Alexandr Mitiuc/Photos.comFrom recruitment to leadership, human resources management will help your business

    By Barbara Bowes, Legacy Bowes Group

    Six years ago, the results of a national leadership survey revealed five top looming workforce challenges for any and all industry sectors. The top five challenges included the attraction and retention of skilled professionals, developing manager capability, retaining high performers, developing succession pool depth and addressing management and leadership talent. 

    So, where does the construction industry stand? The answer: in a very tough place! That’s according to forecasts developed by BuildForce Canada, a national industry-led organization committed to providing accurate and timely labour market data and analysis. Their research is showing that the construction industry is currently and will continue experiencing a significant shortfall of skilled construction tradespeople over the next decade.

    I’m quite certain that corporate leaders have been fully aware of this shortfall for some time, yet are challenged as to what role they can be play in turning around an entire industry sector. My advice is to voice your concern to government and educators while at the same time focusing on ensuring your company is the best of the best in your business.

  • The Art of Networking Inside Your Company

    How to build camaraderie, co-operation and a cohesive team

    By Liz Goodgold


    When we hear the term “networking,” most of us think about meeting folks outside of our company. However, the true power of networking resides with making a connection inside of your company.

  • Transcending International Borders

    Samuel Roll Form employees work together for success
    By Deb Draper


    Canada and the United States share the longest international border between two countries in the world, 8,891 kilometres, but that line hasn’t stopped a long tradition of shared commerce and work opportunities. 

  • Under Pressure

    Strategies for addressing and alleviating employee anxiety

    By Barbara J. Bowes, Legacy Bowes Group

    Although Canadians appear to be fairly far away from any potential of encountering the Ebola virus, after reading and hearing the daily news, I can easily envision the heightened fear that’s beginning to occur amongst workers, especially those that travel to foreign countries. Not only are general citizens in the targeted countries becoming ill, doctors, nurses and other health care workers are also becoming patients.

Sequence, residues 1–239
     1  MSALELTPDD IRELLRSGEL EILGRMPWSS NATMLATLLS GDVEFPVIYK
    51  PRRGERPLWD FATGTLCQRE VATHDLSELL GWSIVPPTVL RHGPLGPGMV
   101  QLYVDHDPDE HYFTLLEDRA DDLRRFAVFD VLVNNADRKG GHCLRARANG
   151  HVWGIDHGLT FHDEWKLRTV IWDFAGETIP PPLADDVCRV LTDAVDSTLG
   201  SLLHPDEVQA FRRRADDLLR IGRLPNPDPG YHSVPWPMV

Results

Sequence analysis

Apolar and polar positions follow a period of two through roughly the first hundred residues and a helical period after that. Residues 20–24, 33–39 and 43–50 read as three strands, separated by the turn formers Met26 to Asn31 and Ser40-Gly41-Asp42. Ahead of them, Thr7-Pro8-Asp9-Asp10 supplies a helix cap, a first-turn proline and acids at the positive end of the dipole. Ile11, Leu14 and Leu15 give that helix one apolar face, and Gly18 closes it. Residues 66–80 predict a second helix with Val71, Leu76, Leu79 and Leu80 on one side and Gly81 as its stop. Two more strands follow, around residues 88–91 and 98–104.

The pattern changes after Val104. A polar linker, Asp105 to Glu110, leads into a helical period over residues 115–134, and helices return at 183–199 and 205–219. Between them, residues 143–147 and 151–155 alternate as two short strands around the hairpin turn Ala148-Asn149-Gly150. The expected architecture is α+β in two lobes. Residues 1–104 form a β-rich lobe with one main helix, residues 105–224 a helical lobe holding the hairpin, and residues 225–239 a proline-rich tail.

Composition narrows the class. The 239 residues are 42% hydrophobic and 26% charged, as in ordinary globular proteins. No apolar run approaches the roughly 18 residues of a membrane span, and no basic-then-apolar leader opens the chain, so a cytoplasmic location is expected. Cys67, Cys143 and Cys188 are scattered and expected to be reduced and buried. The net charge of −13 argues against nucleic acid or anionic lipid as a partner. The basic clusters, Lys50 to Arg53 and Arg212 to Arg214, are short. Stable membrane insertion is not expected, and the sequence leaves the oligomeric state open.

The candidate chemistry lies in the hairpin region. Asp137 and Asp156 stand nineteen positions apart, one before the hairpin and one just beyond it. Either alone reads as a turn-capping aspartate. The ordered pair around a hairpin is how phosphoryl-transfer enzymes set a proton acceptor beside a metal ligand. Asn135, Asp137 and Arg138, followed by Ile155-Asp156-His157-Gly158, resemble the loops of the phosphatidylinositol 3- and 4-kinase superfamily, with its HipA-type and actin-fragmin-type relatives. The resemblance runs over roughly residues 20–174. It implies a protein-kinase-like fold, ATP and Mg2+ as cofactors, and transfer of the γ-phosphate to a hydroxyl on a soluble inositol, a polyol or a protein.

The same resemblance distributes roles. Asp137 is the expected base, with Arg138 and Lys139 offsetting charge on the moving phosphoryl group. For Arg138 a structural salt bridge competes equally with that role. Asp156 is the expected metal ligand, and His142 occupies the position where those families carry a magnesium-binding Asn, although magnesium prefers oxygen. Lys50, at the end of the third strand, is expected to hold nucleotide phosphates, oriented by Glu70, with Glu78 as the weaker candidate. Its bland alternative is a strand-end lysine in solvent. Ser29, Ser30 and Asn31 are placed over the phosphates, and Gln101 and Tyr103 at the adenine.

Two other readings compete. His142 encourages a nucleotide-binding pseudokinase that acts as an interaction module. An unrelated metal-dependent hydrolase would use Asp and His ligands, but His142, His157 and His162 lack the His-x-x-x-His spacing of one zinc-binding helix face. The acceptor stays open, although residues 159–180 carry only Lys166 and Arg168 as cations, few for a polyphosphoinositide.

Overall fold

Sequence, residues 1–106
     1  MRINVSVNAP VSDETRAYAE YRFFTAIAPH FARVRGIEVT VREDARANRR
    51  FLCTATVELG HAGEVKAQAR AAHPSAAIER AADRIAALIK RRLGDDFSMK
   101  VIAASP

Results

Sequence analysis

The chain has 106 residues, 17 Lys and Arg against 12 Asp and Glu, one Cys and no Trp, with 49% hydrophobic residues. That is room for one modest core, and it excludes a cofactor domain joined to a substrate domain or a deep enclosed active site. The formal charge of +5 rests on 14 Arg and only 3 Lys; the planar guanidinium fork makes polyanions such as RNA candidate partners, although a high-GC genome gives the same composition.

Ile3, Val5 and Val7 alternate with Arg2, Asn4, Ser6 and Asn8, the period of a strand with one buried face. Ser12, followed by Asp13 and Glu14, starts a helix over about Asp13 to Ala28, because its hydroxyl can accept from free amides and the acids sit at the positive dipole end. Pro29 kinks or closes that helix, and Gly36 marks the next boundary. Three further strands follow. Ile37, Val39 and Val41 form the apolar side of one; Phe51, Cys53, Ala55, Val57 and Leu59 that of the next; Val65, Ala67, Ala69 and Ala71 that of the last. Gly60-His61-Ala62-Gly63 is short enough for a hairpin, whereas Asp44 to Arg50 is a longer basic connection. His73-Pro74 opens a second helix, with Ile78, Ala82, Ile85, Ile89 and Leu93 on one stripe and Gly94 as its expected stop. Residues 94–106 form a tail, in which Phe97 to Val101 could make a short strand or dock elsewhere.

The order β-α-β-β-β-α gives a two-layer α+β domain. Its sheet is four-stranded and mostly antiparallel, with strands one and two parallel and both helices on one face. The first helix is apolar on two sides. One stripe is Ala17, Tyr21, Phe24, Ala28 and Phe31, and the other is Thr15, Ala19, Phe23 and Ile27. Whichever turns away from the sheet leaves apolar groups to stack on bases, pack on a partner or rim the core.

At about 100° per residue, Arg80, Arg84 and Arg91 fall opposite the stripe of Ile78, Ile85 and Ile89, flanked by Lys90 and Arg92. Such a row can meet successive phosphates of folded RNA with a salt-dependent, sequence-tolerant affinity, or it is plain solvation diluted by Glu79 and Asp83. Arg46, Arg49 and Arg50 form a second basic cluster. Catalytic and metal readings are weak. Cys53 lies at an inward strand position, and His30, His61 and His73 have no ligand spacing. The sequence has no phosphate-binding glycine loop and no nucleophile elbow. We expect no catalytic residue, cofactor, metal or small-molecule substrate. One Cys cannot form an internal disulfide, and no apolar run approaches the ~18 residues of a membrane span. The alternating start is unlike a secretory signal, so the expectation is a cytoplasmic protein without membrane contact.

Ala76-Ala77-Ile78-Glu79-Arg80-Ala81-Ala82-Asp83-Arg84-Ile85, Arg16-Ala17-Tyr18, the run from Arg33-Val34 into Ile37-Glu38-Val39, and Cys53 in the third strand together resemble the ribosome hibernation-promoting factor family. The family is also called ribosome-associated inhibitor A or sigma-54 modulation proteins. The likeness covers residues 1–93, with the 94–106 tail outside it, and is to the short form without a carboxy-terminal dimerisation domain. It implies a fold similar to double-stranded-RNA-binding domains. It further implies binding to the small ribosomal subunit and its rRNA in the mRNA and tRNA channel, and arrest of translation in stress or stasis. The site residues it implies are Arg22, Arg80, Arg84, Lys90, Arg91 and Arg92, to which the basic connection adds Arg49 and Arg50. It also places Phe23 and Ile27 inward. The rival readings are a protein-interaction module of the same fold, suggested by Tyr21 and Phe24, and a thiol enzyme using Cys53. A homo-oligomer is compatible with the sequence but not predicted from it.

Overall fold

Then, as fear spreads, we are seeing some health care workers refusing to work, causing a shortage of staff to help curb the disease. Similarly, cabin cleaners at New York’s LaGuardia Airport recently walked off the job to protest what they perceived as insufficient protection from potential exposure to the Ebola virus. They raised concerns about the lack of proper protective equipment, as well as the quality. The one-day strike forced airline crews to clean planes themselves, which in turn creates additional health hazards. And in countries such as West Africa, there are already tremendous economic impacts as schools and businesses are closed.

    We are also experiencing challenges within our own workforces. On one hand, we are hearing announcements of new job growth opportunities while on the other we are learning of significant budget cuts and employee layoffs. As well, provincial and federal governments appear to be in a belt-tightening mode. Regardless of whether these efforts are legitimate or not, these types of incidents and/or issues cause significant anxiety amongst employee groups.



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About Us

Piling Canada is the premier national voice for the Canadian deep foundation construction industry. Each issue is dedicated to providing readers with current and informative editorial, including project updates, company profiles, technological advancements, safety news, environmental information, HR advice, pertinent legal issues and more.